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Iranian Spies Target Saudi Arabia in "Magic Hound" Attacks

Iranian cyber espionage

A cyber espionage operation linked to Iran and the recent Shamoon 2 attacks has targeted several organizations in the Middle East, particularly in Saudi Arabia.

Researchers at Palo Alto Networks have been monitoring the campaign, which dates back to at least mid-2016. Dubbed “Magic Hound,” the operation has been aimed at energy, government and technology sector organizations that are located or have an interest in Saudi Arabia.

The threat actor behind Magic Hound has used a wide range of custom tools and an open-source cross-platform remote access tool (RAT) named Pupy. While Palo Alto Networks has not attributed these attacks to any country, researchers at SecureWorks have also analyzed the campaign and they believe it is related to an actor which they track as COBALT GYPSY. SecureWorks is highly confident that COBALT GYPSY is associated with the Iranian government.

The Magic Hound attacks started with specially crafted macro-enabled Word and Excel documents set up to fetch additional tools using PowerShell. The malicious files appear to be holiday greeting cards, job offers, and official government documents from the Ministry of Health and the Ministry of Commerce in Saudi Arabia.

The threat actor has used different types of custom tools to achieve its goals, including droppers, downloaders, executable loaders, document loaders and IRC bots. One of the payloads they delivered was the Python-based Pupy RAT.

It’s worth noting that some of the domains used in this attack and a link to the Pupy RAT were also uncovered by IBM X-Force researchers while trying to determine the initial entry point in the recent Shamoon 2 attacks. The initial breach vector, involving macro-enabled documents and PowerShell, is also similar.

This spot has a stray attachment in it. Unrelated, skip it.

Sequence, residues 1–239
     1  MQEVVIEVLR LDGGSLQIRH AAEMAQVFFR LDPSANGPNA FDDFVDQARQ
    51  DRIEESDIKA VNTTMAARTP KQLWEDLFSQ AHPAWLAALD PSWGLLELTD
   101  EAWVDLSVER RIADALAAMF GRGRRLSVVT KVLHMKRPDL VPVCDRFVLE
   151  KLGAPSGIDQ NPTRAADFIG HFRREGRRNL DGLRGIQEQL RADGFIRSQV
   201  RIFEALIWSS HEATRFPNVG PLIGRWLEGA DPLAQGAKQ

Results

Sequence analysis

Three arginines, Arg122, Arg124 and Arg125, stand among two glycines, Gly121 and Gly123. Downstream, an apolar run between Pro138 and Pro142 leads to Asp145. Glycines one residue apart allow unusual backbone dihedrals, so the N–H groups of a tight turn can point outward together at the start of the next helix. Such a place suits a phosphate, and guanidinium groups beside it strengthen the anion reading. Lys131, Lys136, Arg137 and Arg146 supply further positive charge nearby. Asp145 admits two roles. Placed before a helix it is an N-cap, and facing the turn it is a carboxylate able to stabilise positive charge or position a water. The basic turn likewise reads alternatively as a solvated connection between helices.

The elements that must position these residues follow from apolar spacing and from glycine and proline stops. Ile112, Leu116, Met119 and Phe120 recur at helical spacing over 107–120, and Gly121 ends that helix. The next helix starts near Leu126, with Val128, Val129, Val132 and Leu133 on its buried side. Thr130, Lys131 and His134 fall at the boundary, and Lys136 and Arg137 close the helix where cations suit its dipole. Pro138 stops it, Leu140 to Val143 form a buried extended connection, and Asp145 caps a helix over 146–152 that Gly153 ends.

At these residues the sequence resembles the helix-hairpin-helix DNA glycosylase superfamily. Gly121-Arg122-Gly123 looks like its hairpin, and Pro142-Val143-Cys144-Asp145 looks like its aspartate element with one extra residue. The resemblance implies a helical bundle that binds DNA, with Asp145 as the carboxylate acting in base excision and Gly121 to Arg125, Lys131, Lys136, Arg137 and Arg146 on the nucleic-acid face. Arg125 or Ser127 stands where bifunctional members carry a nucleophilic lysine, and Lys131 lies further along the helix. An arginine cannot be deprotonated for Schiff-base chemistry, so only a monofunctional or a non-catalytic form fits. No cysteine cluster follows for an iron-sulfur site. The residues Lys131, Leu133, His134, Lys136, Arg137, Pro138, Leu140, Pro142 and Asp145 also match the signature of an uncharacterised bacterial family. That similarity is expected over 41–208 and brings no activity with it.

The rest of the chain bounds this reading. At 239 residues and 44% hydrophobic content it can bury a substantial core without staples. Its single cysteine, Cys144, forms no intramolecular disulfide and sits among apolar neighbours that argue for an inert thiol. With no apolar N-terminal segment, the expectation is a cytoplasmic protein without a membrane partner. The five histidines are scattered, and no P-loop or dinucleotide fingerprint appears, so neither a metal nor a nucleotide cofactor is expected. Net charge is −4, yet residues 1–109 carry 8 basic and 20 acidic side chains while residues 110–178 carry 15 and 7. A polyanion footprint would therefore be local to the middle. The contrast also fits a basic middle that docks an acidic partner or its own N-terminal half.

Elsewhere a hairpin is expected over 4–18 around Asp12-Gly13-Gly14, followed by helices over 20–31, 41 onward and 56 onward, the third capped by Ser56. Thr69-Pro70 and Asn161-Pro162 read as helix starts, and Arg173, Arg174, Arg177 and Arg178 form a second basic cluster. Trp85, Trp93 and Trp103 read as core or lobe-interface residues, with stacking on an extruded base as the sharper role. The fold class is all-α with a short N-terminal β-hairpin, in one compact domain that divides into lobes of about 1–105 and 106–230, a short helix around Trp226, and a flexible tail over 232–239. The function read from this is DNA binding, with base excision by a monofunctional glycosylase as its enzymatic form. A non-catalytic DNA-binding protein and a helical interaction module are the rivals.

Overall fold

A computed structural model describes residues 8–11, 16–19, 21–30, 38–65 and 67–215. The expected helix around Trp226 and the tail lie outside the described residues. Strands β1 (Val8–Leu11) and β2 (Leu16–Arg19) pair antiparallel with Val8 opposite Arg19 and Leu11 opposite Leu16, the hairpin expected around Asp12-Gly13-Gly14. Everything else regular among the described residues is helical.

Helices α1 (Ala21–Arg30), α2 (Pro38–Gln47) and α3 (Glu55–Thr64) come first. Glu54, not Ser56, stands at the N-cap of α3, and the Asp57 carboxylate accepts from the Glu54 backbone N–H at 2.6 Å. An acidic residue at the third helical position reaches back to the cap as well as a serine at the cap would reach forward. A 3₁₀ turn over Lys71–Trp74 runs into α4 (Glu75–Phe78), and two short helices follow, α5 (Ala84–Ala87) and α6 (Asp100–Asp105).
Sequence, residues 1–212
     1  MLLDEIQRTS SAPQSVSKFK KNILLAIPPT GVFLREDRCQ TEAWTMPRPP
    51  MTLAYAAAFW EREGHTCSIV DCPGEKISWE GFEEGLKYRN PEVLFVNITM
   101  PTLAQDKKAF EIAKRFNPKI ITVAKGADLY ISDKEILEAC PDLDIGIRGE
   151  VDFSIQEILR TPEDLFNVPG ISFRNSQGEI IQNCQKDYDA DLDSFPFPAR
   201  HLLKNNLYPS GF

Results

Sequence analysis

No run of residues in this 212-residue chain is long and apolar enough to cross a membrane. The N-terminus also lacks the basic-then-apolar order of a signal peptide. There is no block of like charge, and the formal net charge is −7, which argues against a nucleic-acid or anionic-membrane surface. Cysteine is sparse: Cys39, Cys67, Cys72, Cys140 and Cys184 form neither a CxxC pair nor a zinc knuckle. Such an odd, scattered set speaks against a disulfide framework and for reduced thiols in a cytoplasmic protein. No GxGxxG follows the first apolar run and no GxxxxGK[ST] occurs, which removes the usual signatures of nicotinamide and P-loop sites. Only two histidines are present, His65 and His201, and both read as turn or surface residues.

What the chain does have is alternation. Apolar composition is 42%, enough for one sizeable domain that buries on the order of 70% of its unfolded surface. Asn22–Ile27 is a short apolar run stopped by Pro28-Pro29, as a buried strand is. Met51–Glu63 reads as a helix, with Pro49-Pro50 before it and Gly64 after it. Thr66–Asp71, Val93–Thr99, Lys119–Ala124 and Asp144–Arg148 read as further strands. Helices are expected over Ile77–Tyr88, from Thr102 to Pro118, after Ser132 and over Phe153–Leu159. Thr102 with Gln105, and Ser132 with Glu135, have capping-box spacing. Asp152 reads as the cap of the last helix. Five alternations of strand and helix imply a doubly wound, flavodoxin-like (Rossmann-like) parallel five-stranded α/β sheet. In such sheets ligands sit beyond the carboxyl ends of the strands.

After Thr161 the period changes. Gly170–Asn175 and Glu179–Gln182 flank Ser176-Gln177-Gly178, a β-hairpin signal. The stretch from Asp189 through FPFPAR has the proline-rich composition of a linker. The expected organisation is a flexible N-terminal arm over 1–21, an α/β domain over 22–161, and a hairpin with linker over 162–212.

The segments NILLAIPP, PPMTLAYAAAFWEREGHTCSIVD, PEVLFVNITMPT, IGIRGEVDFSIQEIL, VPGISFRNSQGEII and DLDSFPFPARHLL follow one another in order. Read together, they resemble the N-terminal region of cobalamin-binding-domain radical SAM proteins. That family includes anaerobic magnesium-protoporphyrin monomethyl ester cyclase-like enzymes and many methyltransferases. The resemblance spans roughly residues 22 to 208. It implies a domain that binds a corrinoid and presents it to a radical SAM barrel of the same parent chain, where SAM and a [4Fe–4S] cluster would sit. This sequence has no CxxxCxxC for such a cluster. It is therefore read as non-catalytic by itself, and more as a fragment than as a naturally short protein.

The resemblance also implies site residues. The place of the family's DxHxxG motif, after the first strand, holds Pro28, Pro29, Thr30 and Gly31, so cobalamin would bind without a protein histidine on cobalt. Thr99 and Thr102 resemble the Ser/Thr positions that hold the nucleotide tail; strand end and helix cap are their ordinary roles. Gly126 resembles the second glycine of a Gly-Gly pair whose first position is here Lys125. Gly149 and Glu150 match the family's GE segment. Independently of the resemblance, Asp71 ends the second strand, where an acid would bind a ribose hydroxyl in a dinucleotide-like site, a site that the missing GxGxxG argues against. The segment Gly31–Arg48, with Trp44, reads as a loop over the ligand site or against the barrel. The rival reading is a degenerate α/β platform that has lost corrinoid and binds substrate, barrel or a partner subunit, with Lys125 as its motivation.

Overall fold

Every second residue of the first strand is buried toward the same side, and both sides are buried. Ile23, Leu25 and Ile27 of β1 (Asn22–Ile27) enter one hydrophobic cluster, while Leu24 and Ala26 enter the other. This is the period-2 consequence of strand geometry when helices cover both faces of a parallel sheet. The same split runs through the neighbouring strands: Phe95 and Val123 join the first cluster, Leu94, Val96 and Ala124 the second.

Palo Alto Networks has found connections between the Magic Hound attacks and the Iran-linked threat group known as Rocket Kitten, which has targeted organizations in the Middle East and NATO countries. Furthermore, an IRC bot used in the Magic Hound campaign is very similar to a piece of malware used by Newscaster, aka Charming Kitten and NewsBeef, an Iranian actor known to target individuals in the U.S., Israel and other countries using fake social media personas.

The Charming Kitten and Rocket Kitten groups were also referenced recently in an analysis of MacDownloader, a piece of malware used by Iranian actors to steal data from Mac computers.

Related: Iranian Group Delivers Malware via Fake Oxford University Sites

Related: Iran-Linked Attackers Target Government Organizations

Related: "Gaza Cybergang" Attacks Attributed to Hamas

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Eduard Kovacs is an international correspondent for SecurityWeek. He worked as a high school IT teacher for two years before starting a career in journalism as Softpedia’s security news reporter. Eduard holds a bachelor’s degree in industrial informatics and a master’s degree in computer techniques applied in electrical engineering.